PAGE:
NIH-funded summer research experience aims to increase interest and research in nephrology and urology

student in classThe National Institutes of Health (NIH) funded Student Urinary Tract Program in Education and Research (SUPER) Summer Training Program is for undergraduate, graduate and medical students interested in an integrated research and clinical experience.

Kirk McHugh, PhD, professor of Biomedical Education and Anatomy at The Ohio State University College of Medicine, says the program, a partnership between The Ohio State University and the Kidney and Urinary Tract Center at Nationwide Children’s Hospital, is designed to attract a talented and diverse pool of predoctoral trainees to the fields of nephrology and urology. It will also expose learners to multidisciplinary careers in these fields, areas of medicine anticipated to experience a shortage of providers in the future.

“This competitive program can fill key training gaps and increase the pediatric nephrology and urology workforce,” Dr. McHugh says. “It will ultimately improve patient care through new clinical experiences and research opportunities that accelerate scientific discoveries.”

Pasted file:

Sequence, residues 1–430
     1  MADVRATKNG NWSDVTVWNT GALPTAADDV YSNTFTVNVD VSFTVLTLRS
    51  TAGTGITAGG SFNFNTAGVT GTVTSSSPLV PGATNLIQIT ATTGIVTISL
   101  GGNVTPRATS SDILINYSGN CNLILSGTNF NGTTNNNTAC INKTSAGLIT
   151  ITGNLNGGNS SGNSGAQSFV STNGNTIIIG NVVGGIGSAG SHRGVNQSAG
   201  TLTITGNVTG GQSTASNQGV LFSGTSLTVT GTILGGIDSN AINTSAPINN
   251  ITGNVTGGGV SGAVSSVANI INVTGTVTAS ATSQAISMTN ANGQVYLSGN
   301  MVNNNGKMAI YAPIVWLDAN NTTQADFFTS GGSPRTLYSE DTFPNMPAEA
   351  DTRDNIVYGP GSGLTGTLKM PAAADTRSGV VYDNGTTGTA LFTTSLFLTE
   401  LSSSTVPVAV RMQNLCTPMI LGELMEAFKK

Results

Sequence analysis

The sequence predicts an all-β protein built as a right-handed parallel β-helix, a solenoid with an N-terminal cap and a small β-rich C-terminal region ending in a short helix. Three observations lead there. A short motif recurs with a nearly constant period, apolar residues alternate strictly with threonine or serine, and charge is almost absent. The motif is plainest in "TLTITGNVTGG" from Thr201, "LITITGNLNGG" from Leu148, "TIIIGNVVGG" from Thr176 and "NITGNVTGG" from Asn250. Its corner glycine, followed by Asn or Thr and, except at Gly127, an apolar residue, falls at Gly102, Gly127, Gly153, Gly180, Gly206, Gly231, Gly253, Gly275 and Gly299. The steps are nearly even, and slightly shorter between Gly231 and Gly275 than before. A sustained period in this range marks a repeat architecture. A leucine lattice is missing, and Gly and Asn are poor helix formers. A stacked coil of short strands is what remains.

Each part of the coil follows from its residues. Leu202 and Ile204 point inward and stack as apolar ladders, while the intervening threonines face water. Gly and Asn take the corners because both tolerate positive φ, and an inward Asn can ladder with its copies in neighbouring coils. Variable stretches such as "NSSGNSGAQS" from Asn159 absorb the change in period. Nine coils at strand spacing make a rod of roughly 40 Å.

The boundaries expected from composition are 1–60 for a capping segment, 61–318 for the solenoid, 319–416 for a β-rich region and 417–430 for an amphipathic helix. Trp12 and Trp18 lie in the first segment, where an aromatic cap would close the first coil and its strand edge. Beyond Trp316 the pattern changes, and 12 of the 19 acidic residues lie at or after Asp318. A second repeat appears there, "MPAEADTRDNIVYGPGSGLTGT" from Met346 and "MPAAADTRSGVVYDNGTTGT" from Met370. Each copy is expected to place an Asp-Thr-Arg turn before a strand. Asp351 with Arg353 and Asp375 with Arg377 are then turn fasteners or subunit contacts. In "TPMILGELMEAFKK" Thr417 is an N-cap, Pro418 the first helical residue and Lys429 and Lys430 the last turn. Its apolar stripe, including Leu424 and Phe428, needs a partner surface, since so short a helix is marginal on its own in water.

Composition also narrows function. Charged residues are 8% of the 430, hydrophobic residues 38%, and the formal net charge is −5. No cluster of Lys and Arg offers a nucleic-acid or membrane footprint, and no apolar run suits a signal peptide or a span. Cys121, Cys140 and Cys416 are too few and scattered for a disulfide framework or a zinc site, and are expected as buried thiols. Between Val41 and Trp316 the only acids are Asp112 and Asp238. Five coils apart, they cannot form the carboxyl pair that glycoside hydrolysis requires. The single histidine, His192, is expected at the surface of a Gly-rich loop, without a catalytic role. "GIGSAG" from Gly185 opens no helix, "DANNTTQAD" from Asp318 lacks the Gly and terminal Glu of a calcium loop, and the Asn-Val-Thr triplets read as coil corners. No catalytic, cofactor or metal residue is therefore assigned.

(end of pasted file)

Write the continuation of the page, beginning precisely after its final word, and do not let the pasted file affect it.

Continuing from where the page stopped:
SUPER is a 10-week program designed to leverage the educational, clinical and research expertise of both institutions with the aim of increasing understanding of urinary tract development, physiology and disease pathogenesis and the basic skills needed to be an effective biomedical researcher. As part of a translational research project, participants will have the opportunity to interact with an outstanding pool of mentors with established clinical and research programs in order to develop a hypothesis and generate data that results in an abstract and poster presentation.

“We’ve developed an aggressive diversity plan designed to attract minorities and students from underserved and disadvantaged communities with the long-term goal to reduce health disparities,” Dr. McHugh says. “This will expose students to diabetes, digestive and kidney-related research, and increase diversity within the workforce.”

There are three additional features that make the program unique: participants develop their skill sets in data analytics, scientific writing and presentations, receive a $6,000 stipend and have the opportunity to attend the American Society of Nephrology Kidney Week annual meeting.

Disclaimer: Research reported in this publication was supported by the National Institute of Diabetes and Digestive and Kidney Diseases of the National Institutes of Health under Award Number R25DK126639.